The post-pandemic world has been anything but favorable to Zoom Video (ZM), which has seen its shares under heavy pressure despite the company stringing together an impressive streak of thirteen straight earnings beats. The market continues to reassess the company’s value proposition, particularly amid stiff competition. The question is whether Zoom can retain its large enterprise customer base in the years ahead. That assessment continues Monday when the when video conferencing specialist reports second quarter fiscal 2023 earnings results after the closing bell.

In the most recent quarter, the company trimmed both its profit forecast and revenue outlook for the fiscal year, during which the anticipated earnings at the midpoint range implies a year over year decline of 27%. The lowered estimate prompted Wall Street analysts such as Patrick Walravens of JMP Securities to take a more bearish view. In a note to clients, Walravens warned that Zoom’s overall revenue results are not expected to improve. Similarly, analyst Tyler Radke of Citigroup said the company appears to be “stuck in the waiting room.”

However, in my view, the time to be bearish has already come and gone. Although Zoom is not seeing the level of demand it enjoyed at the height of the pandemic, the company is still booking solid enterprise demand from the remote-in-person hybrid work style. As it stands, Zoom’s valuation remains appealing given that the company continues to generate strong free cash flow. To reverse the stock’s bearish trend, in addition to growth re-acceleration, Zoom on Monday will have to issue strong revenue and earnings forecast.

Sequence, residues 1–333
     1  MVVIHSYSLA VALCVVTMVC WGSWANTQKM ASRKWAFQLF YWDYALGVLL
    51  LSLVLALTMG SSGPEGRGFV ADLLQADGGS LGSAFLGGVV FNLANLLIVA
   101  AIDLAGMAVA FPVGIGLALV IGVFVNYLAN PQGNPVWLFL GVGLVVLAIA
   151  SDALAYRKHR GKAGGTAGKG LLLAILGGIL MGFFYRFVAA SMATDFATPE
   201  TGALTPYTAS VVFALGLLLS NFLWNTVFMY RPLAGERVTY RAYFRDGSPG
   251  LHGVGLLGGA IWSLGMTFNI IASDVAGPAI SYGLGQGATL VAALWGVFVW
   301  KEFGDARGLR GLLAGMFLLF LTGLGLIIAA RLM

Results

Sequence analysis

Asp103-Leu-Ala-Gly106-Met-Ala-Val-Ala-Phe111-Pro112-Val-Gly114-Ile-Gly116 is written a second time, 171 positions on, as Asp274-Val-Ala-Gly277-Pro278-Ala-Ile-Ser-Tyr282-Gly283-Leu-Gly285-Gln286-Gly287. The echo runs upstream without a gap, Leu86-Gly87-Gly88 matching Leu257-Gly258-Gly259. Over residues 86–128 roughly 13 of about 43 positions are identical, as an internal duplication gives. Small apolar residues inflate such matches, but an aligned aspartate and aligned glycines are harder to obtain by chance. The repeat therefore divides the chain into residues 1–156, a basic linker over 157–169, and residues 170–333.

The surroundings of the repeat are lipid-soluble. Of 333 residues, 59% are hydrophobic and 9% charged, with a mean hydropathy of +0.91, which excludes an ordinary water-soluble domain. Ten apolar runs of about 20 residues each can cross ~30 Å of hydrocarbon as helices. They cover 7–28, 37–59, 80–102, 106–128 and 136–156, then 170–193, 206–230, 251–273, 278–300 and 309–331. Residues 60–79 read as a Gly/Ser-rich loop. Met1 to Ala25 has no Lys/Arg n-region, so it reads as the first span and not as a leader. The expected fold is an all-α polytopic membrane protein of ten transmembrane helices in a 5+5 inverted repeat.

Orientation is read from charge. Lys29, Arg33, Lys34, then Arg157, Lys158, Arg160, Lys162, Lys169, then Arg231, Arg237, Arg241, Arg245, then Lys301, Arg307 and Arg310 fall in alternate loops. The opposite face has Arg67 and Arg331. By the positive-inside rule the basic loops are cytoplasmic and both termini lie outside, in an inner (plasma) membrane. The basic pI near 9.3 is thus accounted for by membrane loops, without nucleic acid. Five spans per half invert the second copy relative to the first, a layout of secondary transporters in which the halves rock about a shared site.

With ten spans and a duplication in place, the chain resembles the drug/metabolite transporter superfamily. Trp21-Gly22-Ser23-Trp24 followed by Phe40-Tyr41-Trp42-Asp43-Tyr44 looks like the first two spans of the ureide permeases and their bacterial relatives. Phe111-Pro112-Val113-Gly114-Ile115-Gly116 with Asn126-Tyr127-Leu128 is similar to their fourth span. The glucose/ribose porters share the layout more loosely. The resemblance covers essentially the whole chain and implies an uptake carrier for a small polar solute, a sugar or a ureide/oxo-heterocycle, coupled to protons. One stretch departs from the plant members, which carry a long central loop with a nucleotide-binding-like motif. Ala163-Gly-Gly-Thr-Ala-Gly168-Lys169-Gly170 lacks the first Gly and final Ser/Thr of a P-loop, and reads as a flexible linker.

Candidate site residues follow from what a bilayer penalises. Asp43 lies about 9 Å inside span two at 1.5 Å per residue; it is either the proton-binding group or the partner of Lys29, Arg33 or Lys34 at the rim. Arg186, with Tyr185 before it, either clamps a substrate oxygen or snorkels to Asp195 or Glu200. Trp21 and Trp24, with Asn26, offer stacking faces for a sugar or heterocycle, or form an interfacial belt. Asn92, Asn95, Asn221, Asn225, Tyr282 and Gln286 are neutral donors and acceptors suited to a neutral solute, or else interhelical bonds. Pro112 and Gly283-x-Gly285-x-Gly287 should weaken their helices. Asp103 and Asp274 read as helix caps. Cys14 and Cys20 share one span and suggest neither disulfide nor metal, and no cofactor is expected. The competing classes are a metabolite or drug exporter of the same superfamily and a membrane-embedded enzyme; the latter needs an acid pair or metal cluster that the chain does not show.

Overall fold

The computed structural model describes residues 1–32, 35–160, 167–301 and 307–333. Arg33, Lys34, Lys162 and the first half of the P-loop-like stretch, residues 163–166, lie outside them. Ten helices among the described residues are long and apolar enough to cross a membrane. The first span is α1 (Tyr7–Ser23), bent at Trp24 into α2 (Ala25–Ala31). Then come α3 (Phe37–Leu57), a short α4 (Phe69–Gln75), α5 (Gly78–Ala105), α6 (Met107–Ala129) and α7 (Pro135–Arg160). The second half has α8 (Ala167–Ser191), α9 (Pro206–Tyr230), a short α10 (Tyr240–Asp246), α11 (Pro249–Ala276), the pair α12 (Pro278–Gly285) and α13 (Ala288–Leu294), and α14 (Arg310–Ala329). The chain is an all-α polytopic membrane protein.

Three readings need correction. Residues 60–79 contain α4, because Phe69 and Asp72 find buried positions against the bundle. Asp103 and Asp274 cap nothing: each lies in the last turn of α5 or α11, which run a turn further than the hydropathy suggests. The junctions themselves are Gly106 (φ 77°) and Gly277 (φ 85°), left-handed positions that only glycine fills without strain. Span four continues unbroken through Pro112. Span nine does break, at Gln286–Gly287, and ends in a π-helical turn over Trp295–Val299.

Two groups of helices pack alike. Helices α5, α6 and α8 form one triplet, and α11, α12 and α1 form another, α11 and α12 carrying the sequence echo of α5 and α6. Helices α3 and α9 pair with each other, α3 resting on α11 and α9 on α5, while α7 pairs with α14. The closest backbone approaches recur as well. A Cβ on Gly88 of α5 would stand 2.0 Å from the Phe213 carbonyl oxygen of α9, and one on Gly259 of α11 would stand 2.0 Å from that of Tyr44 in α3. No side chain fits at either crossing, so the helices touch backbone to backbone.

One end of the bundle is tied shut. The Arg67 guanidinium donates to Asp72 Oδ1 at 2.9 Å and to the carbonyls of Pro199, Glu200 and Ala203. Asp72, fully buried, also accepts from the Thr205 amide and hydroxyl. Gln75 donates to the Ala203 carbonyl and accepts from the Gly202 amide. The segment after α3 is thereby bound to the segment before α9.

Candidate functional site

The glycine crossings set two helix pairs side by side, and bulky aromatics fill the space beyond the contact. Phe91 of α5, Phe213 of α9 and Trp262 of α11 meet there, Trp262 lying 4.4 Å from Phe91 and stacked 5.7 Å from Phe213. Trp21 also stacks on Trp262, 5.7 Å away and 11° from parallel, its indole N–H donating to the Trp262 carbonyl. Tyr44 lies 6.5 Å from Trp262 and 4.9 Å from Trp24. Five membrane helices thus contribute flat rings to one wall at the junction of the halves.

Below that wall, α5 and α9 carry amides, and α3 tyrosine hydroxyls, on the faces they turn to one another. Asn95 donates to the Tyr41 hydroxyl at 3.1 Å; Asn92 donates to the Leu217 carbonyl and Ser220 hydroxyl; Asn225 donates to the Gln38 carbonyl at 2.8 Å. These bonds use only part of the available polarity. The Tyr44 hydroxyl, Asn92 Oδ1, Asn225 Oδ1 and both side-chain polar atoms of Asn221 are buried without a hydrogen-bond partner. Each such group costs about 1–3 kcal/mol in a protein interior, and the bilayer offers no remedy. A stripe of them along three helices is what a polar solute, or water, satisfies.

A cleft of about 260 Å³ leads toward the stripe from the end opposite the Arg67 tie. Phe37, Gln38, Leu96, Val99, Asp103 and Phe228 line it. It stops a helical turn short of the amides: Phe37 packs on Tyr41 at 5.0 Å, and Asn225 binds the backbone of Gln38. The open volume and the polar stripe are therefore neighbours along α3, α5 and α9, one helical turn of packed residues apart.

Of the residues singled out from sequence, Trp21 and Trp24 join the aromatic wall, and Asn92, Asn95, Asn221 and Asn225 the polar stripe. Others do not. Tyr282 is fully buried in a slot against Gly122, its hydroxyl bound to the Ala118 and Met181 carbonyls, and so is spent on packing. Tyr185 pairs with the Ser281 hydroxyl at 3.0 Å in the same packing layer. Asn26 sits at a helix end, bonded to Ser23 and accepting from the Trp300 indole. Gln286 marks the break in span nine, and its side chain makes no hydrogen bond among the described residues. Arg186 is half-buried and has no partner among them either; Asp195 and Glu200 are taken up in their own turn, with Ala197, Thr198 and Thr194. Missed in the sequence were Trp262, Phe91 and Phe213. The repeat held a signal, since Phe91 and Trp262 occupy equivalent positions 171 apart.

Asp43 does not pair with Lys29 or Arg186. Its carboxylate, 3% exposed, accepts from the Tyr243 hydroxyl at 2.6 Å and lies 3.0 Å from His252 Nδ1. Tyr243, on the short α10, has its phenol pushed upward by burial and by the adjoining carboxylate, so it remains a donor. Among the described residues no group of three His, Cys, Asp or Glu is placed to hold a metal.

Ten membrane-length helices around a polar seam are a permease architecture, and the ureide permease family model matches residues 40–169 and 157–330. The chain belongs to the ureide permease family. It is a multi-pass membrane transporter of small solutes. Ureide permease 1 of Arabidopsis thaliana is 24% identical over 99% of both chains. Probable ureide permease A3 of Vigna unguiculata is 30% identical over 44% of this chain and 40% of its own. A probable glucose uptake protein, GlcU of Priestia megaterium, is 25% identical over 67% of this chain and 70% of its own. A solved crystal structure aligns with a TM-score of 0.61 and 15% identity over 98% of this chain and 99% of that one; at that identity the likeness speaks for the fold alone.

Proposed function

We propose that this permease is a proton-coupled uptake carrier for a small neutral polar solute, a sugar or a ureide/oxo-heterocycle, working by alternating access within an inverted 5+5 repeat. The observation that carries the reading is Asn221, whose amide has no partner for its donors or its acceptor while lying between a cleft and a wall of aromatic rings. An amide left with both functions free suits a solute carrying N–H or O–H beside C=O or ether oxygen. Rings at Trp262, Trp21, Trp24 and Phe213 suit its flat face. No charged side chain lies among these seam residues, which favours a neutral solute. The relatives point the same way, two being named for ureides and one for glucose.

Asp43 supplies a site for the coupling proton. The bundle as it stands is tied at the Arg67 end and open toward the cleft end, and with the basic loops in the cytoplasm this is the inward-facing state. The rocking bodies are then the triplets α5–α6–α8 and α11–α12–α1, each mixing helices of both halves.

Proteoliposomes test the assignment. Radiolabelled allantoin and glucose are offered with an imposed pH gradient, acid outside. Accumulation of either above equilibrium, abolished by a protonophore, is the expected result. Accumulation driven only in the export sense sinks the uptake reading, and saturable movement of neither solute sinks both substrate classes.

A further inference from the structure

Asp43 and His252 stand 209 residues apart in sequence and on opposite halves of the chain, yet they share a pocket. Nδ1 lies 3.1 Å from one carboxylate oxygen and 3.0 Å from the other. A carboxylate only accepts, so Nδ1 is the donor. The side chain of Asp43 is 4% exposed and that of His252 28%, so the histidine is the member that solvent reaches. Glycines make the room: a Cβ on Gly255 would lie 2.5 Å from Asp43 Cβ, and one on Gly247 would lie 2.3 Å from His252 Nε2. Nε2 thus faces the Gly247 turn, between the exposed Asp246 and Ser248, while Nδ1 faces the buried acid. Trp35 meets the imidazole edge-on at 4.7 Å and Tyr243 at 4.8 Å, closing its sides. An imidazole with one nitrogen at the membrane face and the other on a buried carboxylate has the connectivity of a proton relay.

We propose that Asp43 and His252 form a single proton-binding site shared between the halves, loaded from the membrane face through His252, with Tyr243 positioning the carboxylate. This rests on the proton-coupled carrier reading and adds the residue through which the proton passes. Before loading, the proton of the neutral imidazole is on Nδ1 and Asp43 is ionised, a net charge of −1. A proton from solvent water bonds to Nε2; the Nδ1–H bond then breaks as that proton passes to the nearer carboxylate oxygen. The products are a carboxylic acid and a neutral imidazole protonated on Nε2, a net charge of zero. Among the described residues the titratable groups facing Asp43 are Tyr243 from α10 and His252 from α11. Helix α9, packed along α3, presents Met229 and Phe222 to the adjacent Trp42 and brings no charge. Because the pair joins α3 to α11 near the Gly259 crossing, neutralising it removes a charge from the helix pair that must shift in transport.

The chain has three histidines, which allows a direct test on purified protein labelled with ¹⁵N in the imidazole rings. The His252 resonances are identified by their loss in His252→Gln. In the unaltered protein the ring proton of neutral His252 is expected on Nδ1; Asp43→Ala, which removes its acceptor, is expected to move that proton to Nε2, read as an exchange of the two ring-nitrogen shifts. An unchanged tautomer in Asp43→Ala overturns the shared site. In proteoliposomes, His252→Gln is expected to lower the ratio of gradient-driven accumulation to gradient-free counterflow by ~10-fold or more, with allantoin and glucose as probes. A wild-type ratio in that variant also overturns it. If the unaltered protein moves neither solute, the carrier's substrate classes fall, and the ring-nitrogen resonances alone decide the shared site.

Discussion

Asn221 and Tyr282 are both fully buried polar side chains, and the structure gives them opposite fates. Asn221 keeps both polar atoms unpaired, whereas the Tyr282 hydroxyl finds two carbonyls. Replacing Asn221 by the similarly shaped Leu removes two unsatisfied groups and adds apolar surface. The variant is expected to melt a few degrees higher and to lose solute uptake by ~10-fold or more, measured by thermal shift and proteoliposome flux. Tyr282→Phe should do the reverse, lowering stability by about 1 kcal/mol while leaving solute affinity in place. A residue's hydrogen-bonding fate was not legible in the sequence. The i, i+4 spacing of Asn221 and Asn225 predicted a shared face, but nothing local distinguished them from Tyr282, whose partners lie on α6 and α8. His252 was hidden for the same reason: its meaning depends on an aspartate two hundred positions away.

For the three months that ended September, Wall Street expects the San Jose, Calif.-based company to earn 84 cents per share on revenue of $1.11 billion. This compares to the year-ago quarter when earnings came to $1.11 per share on revenue of $1.05 million. For the full year, ending in January, earnings are projected to decline 27% year over year to $3.70 per share, while full-year revenue of $4.4 billion will rise 7.4% year over year.

Combining video, audio, phone, screen sharing, and chat functionalities, the company’s cloud-native unified communications platform, was a key factor in enabling remote-work, while making collaboration easy during the pandemic for its large enterprise customers that contribute over $100,000 in 12-month trailing revenue. That customer tier tend to be more stable, providing Zoom longer-term revenue streams than smaller customers. Microsoft (MSFT), however, has encroached on this territory with its Teams platform.

Competition from Microsoft, and others, have caused a deceleration in Zoom’s revenue growth. In the second quarter, although the company beat on both the top and bottom line, growth slowed dramatically. The company earned $1.05 per share on revenue of $1.1 billion, topping expectations for a profit of 93 cents per share, on $1.05 billion. However, the revenue growth was just 7.63% year over year, down from 11.9% in Q1. This marked the company’s slowest growth figure in more than two years. 

For its fiscal 2023 guidance, the company said it expects to earn between $3.66 and $3.69 per share. However, the midpoint of Zoom’s of that earnings outlook implies a 27% year over year decline. Zoom has been a victim of its own success. The management team deserves credit for continually raising gross margin and taking steps to grow the business. They must now find new revenue streams to revive the stock.

The views and opinions expressed herein are the views and opinions of the author and do not necessarily reflect those of Nasdaq, Inc.

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